What is lead?
The Centers for Disease Control and Prevention summarizes: "Lead is a soft, heavy, blue-gray metal. It occurs naturally in the earth's crust, and human activities such as burning fossil fuels, mining, and manufacturing have spread it throughout the environment, including our homes and workplaces. Exposure to lead should be avoided. Lead is highly toxic to humans, especially young children. It has no known physiologic value to the human body." (http://www.cdc.gov/nceh/lead/)
Great effort has been undertaken in the United States over the last two decades to remove lead from gasoline, paints, and many other products. However, lead is still found in some types of ammunition, batteries, medical and scientific equipment and other products. Because lead does not break down or decompose, lead from past products remains in the environment.
Click here for more detailed information on lead.
How do people get exposed to lead?
People who work in certain industries can be exposed by breathing in air that contains lead particles or fumes. In Alaska, such industries include:
Families of workers may be exposed to lead when workers bring lead dust home on their work clothes. This can be avoided if employers and employees follow the federal Occupational Safety & Health Administration (OSHA) regulations and use protective clothing that is cleaned properly. See 1910.1025 (g) (1) and (2).
The U.S. Environmental Protection Agency has guidance for homeowners, tenants, childcare providers and parents on lead safety during renovation, repair, and painting: http://www2.epa.gov/lead/renovation-repair-and-painting-program.
Non-occupational Exposures in Adults
People who enjoy certain hobbies can be exposed to lead by breathing in air that contains lead particles or fumes. In Alaska, such hobbies include:
- Shooting and reloading firearms
- Shooting at an indoor firing range
- Casting lead bullets or fishing weights
- Metal recycling
- Stained glass
People can also be exposed to lead in the home through various sources such as:
Exposures in Children
Fetuses and children under the age of 6 are the most vulnerable to the negative health effects of lead. If exposure levels are high enough during critical growth stages, children can sustain permanent damage. Lead can delay or impair brain development in children and adversely affect IQ, and can cause anemia and impaired metabolism of vitamin D. Absorption of lead appears to be higher in children who have low dietary iron or calcium intakes, so a healthy diet is important. Adequate intake of zinc is also important to help protect against health effects from lead exposure.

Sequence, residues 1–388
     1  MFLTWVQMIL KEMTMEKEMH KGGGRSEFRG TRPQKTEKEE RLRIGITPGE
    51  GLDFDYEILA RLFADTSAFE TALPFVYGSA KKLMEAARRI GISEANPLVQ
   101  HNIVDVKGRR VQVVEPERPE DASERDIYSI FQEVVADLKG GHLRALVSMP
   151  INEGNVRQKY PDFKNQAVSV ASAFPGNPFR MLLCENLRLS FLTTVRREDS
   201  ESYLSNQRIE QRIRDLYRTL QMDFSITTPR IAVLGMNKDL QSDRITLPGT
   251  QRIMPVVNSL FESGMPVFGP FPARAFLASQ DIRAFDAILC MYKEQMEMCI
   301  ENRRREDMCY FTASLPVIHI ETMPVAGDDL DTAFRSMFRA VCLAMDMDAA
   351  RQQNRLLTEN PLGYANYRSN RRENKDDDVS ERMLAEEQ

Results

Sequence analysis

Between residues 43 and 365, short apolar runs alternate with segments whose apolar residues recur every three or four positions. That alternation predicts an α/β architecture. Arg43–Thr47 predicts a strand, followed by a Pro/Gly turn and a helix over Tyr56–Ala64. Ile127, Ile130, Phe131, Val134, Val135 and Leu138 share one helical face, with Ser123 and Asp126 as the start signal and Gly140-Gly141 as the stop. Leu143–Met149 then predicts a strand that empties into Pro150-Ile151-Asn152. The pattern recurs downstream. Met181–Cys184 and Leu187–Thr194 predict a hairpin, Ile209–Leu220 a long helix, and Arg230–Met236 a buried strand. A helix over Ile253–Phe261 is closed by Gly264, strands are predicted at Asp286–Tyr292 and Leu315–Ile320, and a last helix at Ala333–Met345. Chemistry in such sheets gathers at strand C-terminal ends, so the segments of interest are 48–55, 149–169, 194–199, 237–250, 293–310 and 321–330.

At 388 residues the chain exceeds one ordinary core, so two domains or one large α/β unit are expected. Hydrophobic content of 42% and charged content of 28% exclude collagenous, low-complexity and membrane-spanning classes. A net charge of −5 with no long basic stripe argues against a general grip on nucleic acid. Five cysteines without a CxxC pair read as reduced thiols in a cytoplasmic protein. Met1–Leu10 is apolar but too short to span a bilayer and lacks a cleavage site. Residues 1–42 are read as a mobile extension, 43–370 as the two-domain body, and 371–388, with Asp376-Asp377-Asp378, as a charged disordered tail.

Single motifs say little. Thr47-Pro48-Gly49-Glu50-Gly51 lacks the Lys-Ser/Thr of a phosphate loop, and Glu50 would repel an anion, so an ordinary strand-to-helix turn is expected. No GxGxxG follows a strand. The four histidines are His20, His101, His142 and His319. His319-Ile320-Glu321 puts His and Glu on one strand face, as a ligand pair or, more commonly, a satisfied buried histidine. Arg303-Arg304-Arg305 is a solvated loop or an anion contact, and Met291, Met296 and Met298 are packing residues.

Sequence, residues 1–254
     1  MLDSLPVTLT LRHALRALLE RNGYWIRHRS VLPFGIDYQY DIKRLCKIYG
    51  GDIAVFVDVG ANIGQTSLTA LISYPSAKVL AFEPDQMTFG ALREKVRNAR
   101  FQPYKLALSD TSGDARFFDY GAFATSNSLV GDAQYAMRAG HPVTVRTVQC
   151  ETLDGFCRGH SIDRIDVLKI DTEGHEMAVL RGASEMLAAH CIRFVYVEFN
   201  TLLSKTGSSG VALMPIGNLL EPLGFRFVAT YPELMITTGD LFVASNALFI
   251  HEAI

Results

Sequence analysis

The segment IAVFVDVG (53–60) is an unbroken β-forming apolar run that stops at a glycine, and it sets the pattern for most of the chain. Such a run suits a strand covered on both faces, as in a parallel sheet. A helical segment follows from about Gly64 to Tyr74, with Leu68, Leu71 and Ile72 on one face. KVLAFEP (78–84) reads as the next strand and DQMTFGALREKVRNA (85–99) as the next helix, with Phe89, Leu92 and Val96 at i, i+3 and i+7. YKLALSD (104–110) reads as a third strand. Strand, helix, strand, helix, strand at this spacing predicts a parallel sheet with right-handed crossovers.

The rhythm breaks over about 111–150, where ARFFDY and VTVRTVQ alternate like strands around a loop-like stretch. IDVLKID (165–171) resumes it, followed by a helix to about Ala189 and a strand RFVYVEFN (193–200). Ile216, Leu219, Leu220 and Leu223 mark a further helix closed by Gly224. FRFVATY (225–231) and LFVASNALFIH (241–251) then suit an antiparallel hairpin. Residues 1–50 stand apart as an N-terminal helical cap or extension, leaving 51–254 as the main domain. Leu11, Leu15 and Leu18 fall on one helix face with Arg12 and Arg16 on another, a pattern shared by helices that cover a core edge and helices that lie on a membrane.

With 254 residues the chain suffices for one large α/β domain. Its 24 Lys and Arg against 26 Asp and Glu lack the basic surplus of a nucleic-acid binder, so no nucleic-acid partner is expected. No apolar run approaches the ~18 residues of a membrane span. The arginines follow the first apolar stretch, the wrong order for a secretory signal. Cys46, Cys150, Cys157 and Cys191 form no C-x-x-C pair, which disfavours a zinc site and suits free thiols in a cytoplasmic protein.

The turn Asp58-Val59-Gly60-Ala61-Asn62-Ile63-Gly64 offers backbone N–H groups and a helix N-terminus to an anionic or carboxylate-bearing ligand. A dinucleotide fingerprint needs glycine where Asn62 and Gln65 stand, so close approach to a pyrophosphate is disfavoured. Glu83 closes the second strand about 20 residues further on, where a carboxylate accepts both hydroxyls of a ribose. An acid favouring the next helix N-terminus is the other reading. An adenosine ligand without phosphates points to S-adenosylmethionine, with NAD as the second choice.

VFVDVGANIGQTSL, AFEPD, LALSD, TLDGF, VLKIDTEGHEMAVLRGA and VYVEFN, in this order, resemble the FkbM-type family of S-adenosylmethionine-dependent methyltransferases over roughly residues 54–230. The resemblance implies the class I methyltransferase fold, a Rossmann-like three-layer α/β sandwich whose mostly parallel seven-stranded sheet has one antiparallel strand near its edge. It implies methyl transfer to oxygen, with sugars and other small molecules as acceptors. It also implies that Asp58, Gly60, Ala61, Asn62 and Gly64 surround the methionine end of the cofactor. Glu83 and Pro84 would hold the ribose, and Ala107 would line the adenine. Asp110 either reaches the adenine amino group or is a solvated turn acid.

Exposure routes for children include:
Older children's brains continue to develop, so they are also vulnerable to the toxic effects of lead. In Alaska, we have identified additional sources of lead exposures in older children including:
- Shooting and reloading firearms
- Shooting at an indoor firing range
To learn about past lead exposures in Alaska, click here to access the Section of Epidemiology Bulletins on lead.
The decision to test a child's blood lead level is best made by the child's parents and health care provider, taking into consideration the child's exposure risk factors. Interested parents should discuss blood lead testing during their child's physical exam.
The Environmental Public Health Program has free lead testing materials available to health care providers interested in providing lead screening to Medicaid-eligible children. The test uses a finger stick to collect a capillary blood sample. Multivette tubes, lancets, and supporting paperwork will be provided. To order lead screening kits, please contact the Environmental Public Health Program at firstname.lastname@example.org or call (907) 269-8000.
What are the health effects of lead exposure?
Lead poisoning occurs when blood lead levels (BLLs) are elevated. Exposures occur primarily through breathing or ingesting lead. BLLs are currently the best indicators of personal lead exposure. People can minimize the risk of adverse health effects by preventing lead exposures.
The effects of lead are the same whether lead enters the body through breathing or ingestion. Lead can affect almost every organ and system in your body. The main target for lead toxicity is the nervous system, both in adults and children.